Threats, both domestic and foreign, are driving some of the logistics of the 58th presidential inauguration as the Capitol’s top law enforcement officers prepare to secure the public and members of all three branches of government at the same time in the same place.

Recent events in France and Germany, where terrorists drove trucks into crowds of people, pose a new type of threat to consider when handling planning for the day, Senate Sergeant-at-Arms Frank Larkin said.

History Provides Trump a Guide for His Inaugural Address
Changes in party rule show how presidents both praise and criticize

An aide to President-elect Donald Trump, seen here at a news conference on Jan. 11 at Trump Tower in New York City, says his inaugural address will be “unique to him.” (Spencer Platt/Getty Images)

Newly sworn-in American presidents taking over for a predecessor of another political party have employed a number of rhetorical approaches from which Donald Trump could choose to borrow on Friday. Trump has met with historians and watched past inaugural addresses, but a top aide said his first speech as president will be “unique to him.”

Given the unprecedented tone of both his campaigning style and brash tenor during the transition period, anything is possible when the new president steps to the podium bearing the seal of the president around noon Friday. It is a safe bet some or most of Trump’s address will sound much different than those delivered in the past. 

Barack Obama Has Left the Building, Or At Least the Brady Room
Obama's hope fades a bit: 'I think we’re going to be OK'

At his final news conference as president, Obama wished the press, and the country, luck. (Chip Somodevilla/Getty Images)

In his final press conference as president, Barack Obama warned that economic and other forces could further divide Americans, and sent messages anew to Donald Trump, particularly that he could re-enter the political arena if “our core values may be at stake.”

Less than 48 hours before he will cede all powers of the presidency to Trump, the 55-year-old Obama, with more salt than pepper atop his head, showed flashes of the optimistic candidate who toppled both Hillary Clinton and Sen. John McCain, R-Ariz., during the 2008 presidential campaign. But by the end of the session, his concerns about the next four years appear to show through.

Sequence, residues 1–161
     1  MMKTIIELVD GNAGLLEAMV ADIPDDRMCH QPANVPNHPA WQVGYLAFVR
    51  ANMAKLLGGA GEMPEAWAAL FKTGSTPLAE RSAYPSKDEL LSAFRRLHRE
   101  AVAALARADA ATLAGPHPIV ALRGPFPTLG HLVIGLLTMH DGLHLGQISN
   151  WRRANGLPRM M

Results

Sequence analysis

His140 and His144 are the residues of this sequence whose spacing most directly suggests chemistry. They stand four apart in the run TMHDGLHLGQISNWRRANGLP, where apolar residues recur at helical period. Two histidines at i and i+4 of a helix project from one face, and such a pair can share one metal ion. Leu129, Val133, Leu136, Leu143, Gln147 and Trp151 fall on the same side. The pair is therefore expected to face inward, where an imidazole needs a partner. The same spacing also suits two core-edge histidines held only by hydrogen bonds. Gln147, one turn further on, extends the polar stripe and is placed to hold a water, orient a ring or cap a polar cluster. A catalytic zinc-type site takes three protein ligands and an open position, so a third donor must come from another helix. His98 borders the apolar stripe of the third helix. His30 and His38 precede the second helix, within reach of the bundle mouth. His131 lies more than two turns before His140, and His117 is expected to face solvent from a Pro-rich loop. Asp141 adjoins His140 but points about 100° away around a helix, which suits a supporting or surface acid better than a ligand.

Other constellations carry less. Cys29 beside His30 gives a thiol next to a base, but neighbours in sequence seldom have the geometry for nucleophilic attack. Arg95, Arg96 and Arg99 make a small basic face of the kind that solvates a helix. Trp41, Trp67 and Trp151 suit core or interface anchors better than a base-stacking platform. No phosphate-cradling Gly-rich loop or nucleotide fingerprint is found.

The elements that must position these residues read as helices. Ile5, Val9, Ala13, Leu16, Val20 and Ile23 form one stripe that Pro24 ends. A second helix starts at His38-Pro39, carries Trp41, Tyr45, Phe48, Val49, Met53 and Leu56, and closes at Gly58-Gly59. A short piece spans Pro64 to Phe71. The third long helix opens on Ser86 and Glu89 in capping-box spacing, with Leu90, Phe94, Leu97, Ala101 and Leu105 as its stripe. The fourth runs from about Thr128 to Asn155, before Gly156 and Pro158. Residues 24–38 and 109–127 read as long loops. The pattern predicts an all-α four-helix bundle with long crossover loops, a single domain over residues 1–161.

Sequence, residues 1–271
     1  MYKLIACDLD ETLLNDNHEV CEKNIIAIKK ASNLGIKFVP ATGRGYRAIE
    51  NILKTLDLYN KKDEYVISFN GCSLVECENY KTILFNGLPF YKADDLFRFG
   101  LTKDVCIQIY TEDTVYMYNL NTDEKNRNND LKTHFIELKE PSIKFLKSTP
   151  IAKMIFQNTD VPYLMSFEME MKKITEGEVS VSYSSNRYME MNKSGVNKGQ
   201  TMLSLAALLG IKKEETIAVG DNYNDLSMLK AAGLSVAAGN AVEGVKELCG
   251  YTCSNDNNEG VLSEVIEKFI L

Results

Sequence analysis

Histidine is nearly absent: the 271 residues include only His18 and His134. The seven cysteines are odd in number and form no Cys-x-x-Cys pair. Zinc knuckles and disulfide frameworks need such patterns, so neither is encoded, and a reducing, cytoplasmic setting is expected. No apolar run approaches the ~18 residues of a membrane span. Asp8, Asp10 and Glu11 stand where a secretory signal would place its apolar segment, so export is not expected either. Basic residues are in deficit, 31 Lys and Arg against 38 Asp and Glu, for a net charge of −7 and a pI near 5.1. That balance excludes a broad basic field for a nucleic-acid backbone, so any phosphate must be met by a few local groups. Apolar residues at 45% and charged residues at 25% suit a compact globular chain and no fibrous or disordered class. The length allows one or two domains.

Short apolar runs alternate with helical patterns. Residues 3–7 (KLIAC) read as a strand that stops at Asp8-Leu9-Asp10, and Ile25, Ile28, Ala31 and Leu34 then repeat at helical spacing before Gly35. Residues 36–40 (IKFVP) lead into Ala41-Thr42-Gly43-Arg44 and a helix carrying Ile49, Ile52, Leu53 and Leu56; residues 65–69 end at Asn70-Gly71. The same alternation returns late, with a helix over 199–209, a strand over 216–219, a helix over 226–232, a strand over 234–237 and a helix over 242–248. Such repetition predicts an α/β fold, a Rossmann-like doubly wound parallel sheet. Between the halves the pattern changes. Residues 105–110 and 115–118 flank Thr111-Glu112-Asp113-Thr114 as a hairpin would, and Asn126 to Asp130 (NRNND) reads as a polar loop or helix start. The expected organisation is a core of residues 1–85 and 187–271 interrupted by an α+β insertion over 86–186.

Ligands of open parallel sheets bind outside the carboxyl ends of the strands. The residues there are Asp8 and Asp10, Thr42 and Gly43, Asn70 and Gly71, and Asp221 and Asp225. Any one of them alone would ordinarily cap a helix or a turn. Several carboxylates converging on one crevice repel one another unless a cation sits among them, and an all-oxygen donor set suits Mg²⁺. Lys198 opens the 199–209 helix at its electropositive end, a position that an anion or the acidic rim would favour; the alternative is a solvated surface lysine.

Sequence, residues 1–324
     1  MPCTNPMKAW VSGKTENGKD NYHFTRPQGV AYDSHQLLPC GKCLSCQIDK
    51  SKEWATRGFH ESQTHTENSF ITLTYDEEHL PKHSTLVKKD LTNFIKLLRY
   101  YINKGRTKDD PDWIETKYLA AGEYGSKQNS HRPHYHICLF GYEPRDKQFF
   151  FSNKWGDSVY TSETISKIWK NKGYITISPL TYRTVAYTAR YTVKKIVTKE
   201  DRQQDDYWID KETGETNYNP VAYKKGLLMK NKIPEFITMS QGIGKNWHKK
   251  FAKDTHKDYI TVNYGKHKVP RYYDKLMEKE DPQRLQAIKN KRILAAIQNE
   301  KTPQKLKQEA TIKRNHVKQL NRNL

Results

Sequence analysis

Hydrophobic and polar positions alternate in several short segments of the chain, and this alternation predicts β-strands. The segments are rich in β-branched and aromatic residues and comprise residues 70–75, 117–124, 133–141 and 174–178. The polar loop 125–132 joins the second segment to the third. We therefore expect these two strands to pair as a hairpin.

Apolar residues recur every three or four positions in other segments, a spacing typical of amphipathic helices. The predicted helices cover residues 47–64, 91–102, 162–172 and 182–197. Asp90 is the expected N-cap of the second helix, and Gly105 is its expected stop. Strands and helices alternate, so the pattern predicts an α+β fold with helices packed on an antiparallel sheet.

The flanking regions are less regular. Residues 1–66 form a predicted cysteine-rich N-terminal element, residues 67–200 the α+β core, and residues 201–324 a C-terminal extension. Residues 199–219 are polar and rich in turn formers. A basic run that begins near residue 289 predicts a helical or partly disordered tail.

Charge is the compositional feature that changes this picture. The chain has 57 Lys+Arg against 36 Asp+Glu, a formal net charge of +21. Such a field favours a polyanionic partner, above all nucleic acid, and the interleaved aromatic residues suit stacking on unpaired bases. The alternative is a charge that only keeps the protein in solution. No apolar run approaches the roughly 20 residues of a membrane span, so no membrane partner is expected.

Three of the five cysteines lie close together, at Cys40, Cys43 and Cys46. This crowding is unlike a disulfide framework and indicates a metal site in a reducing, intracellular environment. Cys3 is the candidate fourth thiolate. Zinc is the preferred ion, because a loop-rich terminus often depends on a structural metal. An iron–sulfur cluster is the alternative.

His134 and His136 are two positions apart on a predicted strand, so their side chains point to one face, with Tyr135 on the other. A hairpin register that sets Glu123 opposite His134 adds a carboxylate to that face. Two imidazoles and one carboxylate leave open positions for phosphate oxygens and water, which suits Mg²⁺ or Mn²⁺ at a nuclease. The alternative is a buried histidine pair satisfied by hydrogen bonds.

Mike Pence Tells Mayors Infrastructure Bill Will Be ‘Big’
Obama commutations draw a crowd

Vice President-elect Mike Pence, pictured here with House GOP leaders, on Tuesday let a group of U.S. mayors know the incoming Trump administration plans to push a “big” infrastucture bill. How to pay for the measure, however, will be a major hurdle. (Photo by Tom Williams/CQ Roll Call)

President-elect Donald Trump wanted a group of U.S. mayors gathered in Washington to know his administration will be a “friend” starting Friday, when he will be sworn in.

So he instructed his vice president-in-waiting, Mike Pence, to deliver a message to them on Tuesday when he addressed their conference: “Tell ‘em we’re going to do an infrastructure bill, and it’s going to be big,” the Republican president-elect said during a phone conversation with Pence.

Lewis Backs Out of Inauguration Ban Claim
Georgia Democrat acknowledges Trump won’t be first swearing-in he refused to attend

Rep. John Lewis testifies against the nomination of Sen. Jeff Sessions,  President-elect Trump’s nominee for attorney general. (Photo By Tom Williams/CQ Roll Call)

Rep. John Lewis’ office is walking back comments he made Sunday about boycotting the presidential inauguration for the first time after he was blasted by Donald Trump about not attending the swearing-in of former President George W. Bush.

Citing a 2001 Washington Post article, Trump tweeted Tuesday that Lewis had also skipped the inauguration of the 43rd president because “he thought it would be hypocritical to attend Bush’s swearing-in because he doesn’t believe Bush is the true elected president.”